As coronavirus lockdowns drag on, IT leaders are feeling hard-pressed to keep collaboration fresh among their remote workforces through video chat and other digital tools.
So some are turning to virtual reality. Fidelity Investments Inc., the financial services firm, has been exploring how virtual reality could be used to build workplace relationships among new employees working remotely. In May, it shipped brand-new virtual reality headsets made by Pico Interactive Inc. to more than 140 employees in its operations division. The workers were either new to Fidelity, or had recently moved into an operations role.
The goal was to replicate some aspects of a new-employee training program that would normally have happened in person in Boston over two weeks.
“We were able to use that visceral and collaborative element of virtual reality,” said Adam Schouela, head of emerging technology at the Fidelity Center for Applied Technology, which tests and evaluates cutting-edge technologies. “When you can’t be physically together, there is the element of, the sense, that we’re there.”
Half a year into the lockdowns, companies have had to look more closely at the growing needs of their remote workforces.
“The pandemic has raised the importance of companies’ ability to engage, communicate with and enable workforces,” said Mark Foster, a senior vice president of services at International Business Machines Corp.
As many are discovering, videoconferencing can only go so far. Virtual reality, in contrast, promises an immersive experience, which has made it a perfect fit for videogaming. In VR, users wear headsets that allow them to see and interact with digital environments. Movements, such as turning one’s head and raising one’s arms, correspond with the movements of the person’s chosen avatar in the digital world.
That very feature has attracted corporations as they look to VR as a way to mimic real-world collaborations lost because of the pandemic.
In May, the new Fidelity employees participated in team-building exercises, games and some training with the VR headsets.
Starr Redic, a financial operations senior associate at Fidelity, was able to escape the confines of her kitchen in Durham, N.C., and go on a scavenger hunt with some of her colleagues at a cabin, where she saw snow falling outside the windows in the virtual world.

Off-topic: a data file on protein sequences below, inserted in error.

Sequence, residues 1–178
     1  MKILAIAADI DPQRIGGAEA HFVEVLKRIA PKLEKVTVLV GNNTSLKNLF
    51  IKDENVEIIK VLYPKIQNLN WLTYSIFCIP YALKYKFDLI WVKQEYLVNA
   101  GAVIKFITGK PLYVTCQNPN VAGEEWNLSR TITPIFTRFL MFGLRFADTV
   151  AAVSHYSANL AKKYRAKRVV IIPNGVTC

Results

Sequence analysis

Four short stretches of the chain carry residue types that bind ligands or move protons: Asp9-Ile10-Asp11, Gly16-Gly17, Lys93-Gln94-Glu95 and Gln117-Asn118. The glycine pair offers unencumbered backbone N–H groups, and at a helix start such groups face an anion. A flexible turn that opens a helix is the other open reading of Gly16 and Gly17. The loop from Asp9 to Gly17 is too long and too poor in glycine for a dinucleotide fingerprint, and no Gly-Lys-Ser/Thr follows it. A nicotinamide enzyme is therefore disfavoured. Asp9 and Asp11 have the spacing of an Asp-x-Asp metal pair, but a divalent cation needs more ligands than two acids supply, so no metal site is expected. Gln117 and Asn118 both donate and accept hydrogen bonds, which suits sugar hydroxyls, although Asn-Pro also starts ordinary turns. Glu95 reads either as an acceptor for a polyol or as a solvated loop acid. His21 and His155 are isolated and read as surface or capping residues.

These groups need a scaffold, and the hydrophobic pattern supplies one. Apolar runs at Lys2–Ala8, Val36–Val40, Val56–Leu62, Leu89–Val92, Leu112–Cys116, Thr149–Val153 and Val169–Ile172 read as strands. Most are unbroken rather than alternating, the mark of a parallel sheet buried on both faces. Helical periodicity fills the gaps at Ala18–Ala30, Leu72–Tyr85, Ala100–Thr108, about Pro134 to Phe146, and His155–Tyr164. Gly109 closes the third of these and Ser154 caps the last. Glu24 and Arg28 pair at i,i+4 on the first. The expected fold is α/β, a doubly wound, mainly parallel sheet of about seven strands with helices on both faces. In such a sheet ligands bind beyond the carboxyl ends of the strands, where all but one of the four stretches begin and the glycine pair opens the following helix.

She also joined about 30 of her co-workers in a virtual stadium-seating classroom to play a word game similar to Pictionary, in which employees were randomly called on to draw objects on a virtual whiteboard.
“That was quite interesting considering I cannot draw in person, so trying to do it through a VR headset was definitely hilarious,” said Ms. Redic, who had to sketch an umbrella and a bird.
She didn’t get the motion sickness and nausea some people do when wearing the headset. The VR experience kept her more focused than she otherwise would have been had the training been a series of video-conferenced meetings, she said.
“It allowed us to be more engaged and more interactive, and that’s really important considering we’ve been confined to our homes for months,” she noted, adding that she met new colleagues in the virtual world that she still keeps in touch with.
Over half of the over 140 employees who took part in the VR experience said the technology helped them network with peers without being prompted, Mr. Schouela said.
Fidelity has been testing various VR headsets for different uses since 2014 and picked up the pace in 2017. Thousands of employees at the firm’s contact center have worn the headsets in training sessions on empathy and communication skills.
In one virtual reality experience, they are “transported” to a customer’s home so they can see the environment from which the call is being made. In one virtual scenario, the customer appears stressed out, with papers strewn around the kitchen table.
In the near-term, Fidelity is continuing to explore ways virtual reality could be used for training, and figuring out how to scale it to more employees. There are hurdles to overcome, Mr. Schouela said. It takes time to set up and train employees how to use the headset, which could range from a few minutes to around an hour. It is difficult to troubleshoot problems because the user has to describe what they are seeing in the headset. Users’ Wi-Fi networks may not be strong enough to support streaming the visual content in the headset, a requirement for networking with other users.
When employees get laptops from work, they already come configured with security settings and software that can easily be updated remotely. That is not yet the case with virtual reality headsets, Mr. Schouela said.
“We need more magic for VR,” he said.
Virtual reality hasn’t drawn the same level of interest as augmented reality during the pandemic, according to
Forrester Research Inc.
Augmented reality superimposes digital content, such as 3-D images or visual instructions, onto a user’s view of the real world through mobile devices or wearable headsets.
The different in uptake is partly because augmented reality has allowed companies and health care facilities to give remote assistance as employees and customers became less willing to be in close contact during the pandemic.
The number of U.S. employees expected to wear augmented and so-called mixed reality headsets is projected to reach 8.6 million by 2028, up from 25,000 last year, according to a November report by Forrester. The firm doesn’t have a forecast specifically for virtual reality.
“The real action has been in AR,” said J.P. Gownder, vice president and principal analyst at Forrester.
Write to Sara Castellanos at [email protected]
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